Guideline methods

The guidelines have been developed using an adapted evidence to decision framework titled the Four Cs: community voice: clinical evidence; cultural considerations; and cost, capacity, equity and other considerations. The Four Cs emerged as an appropriate framework to underpin these guidelines following extensive discussion within the co-author group. It was agreed by all that the Four Cs provide relevance and recognition of the four domains that reflect the concerns and issues of community, clinicians, policy makers and funders. These are the first national guidelines to utilise this approach. The literature databases, MEDLINE, Embase and Aboriginal Health InfoNet were searched up to May 2022. The guideline recommendations summarised and discussed in this paper have been selected as being the most relevant to renal nursing practice. Access to the full text version of these guidelines can be found at: https://www.cariguidelines.org/first-nations-australian-guidelines/

Focus on community voices

Every which way you look at renal disease in Aboriginal people, the only solutions that will work in the long term are those that are Aboriginal led, culturally responsive, located in Aboriginal organisations and evaluated through an Aboriginal lens – Pat Turner CEO, National Aboriginal community-controlled health organisations (ACCHOs) National Indigenous Dialysis & Transplantation Conference (NIDTC), Alice Springs, 2019.

The guidelines were developed in partnership with First Nations Peoples. The three engagement strategies, published by (Duff et al., 2018), required:

  1. Engaging a panel of First Nations health clinicians.
  2. Targeting community engagements that were formally evaluated with locally based First Nations consumers and services.
  3. Consultation and feedback from Australian national peak organisations in First Nations Peoples health.

National community consultation in multiple sites across Australia drove the development of these guidelines. Kidney Health Australia led Yarning Kidneys, a series of community meetings across most states and territories which gathered the voices of patients, family members and carers. The 2019/20 bushfires and the Coronavirus pandemic limited the ability to travel to all states and jurisdictions; however, all states except Victoria and Tasmania contributed to these community meetings (Kidney Health Australia, 2020b). The Catching Some Air and AKction projects also conducted community consultations that also directly informed the guidelines (Mick-Ramsamy et al., 2019; Kelly et al., 2022).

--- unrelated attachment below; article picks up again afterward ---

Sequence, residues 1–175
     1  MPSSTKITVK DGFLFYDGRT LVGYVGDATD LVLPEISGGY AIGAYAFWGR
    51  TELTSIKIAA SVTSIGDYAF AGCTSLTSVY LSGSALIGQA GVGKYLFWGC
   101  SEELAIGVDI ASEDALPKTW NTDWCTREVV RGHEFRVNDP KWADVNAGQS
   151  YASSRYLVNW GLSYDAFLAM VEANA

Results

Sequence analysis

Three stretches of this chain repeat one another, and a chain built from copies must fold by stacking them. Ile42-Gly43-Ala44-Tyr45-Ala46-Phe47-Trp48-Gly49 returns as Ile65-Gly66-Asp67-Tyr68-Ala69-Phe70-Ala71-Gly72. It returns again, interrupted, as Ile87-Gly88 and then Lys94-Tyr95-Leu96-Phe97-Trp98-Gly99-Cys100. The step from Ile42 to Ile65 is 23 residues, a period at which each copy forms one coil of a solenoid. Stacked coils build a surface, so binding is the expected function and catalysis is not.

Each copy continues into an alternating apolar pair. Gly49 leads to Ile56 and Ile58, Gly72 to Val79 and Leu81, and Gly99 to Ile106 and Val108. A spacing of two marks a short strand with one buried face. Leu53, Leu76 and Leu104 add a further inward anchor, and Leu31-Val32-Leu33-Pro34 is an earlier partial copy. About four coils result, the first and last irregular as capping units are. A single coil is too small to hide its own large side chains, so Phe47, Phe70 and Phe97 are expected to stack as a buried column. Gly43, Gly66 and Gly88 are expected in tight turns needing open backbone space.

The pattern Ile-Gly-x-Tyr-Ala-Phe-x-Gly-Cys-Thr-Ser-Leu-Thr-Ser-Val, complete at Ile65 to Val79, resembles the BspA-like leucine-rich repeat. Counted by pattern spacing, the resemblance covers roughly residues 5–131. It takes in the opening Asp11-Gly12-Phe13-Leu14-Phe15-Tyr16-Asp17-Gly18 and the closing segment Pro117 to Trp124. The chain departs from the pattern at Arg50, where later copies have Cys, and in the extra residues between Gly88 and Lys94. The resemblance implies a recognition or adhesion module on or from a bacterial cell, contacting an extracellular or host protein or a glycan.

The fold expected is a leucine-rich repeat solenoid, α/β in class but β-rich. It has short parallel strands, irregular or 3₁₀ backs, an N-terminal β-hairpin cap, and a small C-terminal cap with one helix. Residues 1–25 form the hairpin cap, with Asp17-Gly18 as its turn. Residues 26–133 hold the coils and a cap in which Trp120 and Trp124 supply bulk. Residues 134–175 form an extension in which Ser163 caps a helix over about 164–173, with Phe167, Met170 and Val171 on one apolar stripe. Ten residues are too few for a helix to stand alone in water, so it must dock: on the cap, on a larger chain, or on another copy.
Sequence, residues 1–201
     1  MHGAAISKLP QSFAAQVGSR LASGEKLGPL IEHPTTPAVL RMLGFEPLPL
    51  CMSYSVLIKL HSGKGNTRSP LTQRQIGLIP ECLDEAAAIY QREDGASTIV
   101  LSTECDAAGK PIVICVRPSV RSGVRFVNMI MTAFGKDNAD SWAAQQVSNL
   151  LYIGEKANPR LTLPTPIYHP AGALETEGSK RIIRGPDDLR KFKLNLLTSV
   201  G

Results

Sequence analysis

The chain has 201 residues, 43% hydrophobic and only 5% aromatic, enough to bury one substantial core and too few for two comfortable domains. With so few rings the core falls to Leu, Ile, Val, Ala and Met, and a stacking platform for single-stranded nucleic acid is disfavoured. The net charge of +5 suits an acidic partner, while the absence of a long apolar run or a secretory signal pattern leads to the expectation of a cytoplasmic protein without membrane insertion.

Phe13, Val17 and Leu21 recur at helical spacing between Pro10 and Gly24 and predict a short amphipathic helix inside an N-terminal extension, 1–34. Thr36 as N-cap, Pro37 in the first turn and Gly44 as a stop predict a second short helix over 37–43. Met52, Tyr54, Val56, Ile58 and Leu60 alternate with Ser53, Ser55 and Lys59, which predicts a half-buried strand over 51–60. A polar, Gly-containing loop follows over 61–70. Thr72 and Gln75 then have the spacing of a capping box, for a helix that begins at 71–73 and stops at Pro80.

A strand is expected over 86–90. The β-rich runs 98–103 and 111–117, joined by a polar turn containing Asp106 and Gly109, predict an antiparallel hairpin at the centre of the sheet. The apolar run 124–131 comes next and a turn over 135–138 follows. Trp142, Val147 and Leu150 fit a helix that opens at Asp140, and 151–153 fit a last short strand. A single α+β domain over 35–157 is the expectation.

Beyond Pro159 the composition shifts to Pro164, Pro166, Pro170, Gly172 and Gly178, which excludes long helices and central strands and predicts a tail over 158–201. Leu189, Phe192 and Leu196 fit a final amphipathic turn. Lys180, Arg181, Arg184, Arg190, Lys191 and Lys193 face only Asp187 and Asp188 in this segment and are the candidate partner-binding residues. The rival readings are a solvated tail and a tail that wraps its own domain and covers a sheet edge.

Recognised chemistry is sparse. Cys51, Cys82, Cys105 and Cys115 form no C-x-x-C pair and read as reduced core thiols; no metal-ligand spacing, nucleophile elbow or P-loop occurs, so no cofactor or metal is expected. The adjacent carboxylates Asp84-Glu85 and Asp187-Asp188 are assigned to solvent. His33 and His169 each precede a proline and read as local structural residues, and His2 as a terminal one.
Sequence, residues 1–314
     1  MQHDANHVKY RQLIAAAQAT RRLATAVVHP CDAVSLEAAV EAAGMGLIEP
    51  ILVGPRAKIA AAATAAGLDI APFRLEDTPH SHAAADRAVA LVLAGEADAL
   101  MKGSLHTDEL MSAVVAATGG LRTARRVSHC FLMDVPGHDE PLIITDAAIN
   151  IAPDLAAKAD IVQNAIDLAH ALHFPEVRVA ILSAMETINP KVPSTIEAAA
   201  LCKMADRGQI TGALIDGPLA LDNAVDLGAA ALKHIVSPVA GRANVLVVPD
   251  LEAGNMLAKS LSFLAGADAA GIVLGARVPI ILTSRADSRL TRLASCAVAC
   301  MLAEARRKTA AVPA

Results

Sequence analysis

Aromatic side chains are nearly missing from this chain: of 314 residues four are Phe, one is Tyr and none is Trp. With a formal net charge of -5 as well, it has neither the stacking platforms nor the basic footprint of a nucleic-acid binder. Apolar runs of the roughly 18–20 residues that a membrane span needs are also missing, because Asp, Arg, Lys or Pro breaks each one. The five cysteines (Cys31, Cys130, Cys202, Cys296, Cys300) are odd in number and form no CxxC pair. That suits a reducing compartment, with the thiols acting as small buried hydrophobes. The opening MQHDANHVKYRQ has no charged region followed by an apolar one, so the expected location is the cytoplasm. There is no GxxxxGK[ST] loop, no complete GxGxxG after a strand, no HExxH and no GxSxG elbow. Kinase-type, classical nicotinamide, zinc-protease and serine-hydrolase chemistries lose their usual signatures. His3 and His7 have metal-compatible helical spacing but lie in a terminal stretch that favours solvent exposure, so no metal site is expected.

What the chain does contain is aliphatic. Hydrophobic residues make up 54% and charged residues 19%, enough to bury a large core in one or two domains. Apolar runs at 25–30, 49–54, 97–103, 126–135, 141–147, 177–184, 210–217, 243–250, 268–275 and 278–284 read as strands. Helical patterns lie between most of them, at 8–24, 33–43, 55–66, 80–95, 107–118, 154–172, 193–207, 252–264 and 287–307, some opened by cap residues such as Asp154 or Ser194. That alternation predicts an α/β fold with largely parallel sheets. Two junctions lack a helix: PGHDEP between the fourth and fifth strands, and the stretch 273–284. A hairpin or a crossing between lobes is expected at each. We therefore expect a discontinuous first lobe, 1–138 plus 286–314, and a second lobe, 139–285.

Whilst each community raised specific recommendations and priorities relevant to their services and locations, a number of themes were common to all sites, including (Kidney Health Australia, 2020b):

  • Involve and engage community in key activities.
  • Promote prevention and education strategies for better health.
  • Address the impact and burden of kidney failure treatment.
  • Focus on support for patients and families.
  • Support patients to access transplantation.
  • Develop a sustainable and appropriate workforce.
  • Improve cultural awareness within health services and staff.
  • Promote strategies to minimise communication barriers.
  • Advocate for better government support for kidney patients.
  • Ensure completion and implementation of meaningful guidelines.

Feedback on the final draft of these guidelines from First Nations communities contributing to the Yarning Kidneys sessions was incorporated, along with targeted peer review by individual experts and peak organisations in First Nations kidney health. For further details on the methods underpinning these guidelines development, see the full guidelines online: https://www.cariguidelines.org/first-nations-australian-guidelines/

Guideline recommendations

Culturally safe and responsive kidney healthcare

The first recommendations of the guidelines strongly recommend all treatment and care for First Nations Peoples with CKD be culturally safe and responsive.

Inequity and institutional racism in healthcare

It is recommended that health services evaluate, monitor and act upon institutional racism within their systems. It is also recommended that First Nations Reference Groups advise kidney health services within Australia. There is a strong recommendation against inclusion of Indigenous status as a risk factor for CKD, in recognition that adverse social determinants of health rather than genetics impact progression of CKD.


An active process of decolonising services is strongly recommended. Decolonising strategies begin with all renal workforce exercising critical reflexivity. Other strategies for decolonising kidney services include:

  • Enabling reciprocity.
  • Transformative practice.
  • Recognising and addressing power imbalance.
  • Improved two-way communication and understanding between clinicians and patients/families.
  • Increased access to culturally shaped care.
  • Increasing self-determination and empowerment of patients.

There is a structured evaluation framework included in the Guidelines.

Cultural safety

The provision of culturally safe care is a lifelong shared commitment, with ongoing critical self-reflection for healthcare professionals a key component. Health services are responsible for delivering mandated cultural safety training that prioritises and targets unconscious bias, interpersonal and systemic racism. This training needs to be delivered in a non-threatening and supportive workplace and evaluated for effectiveness, and with opportunities to identify improvements to its implementation.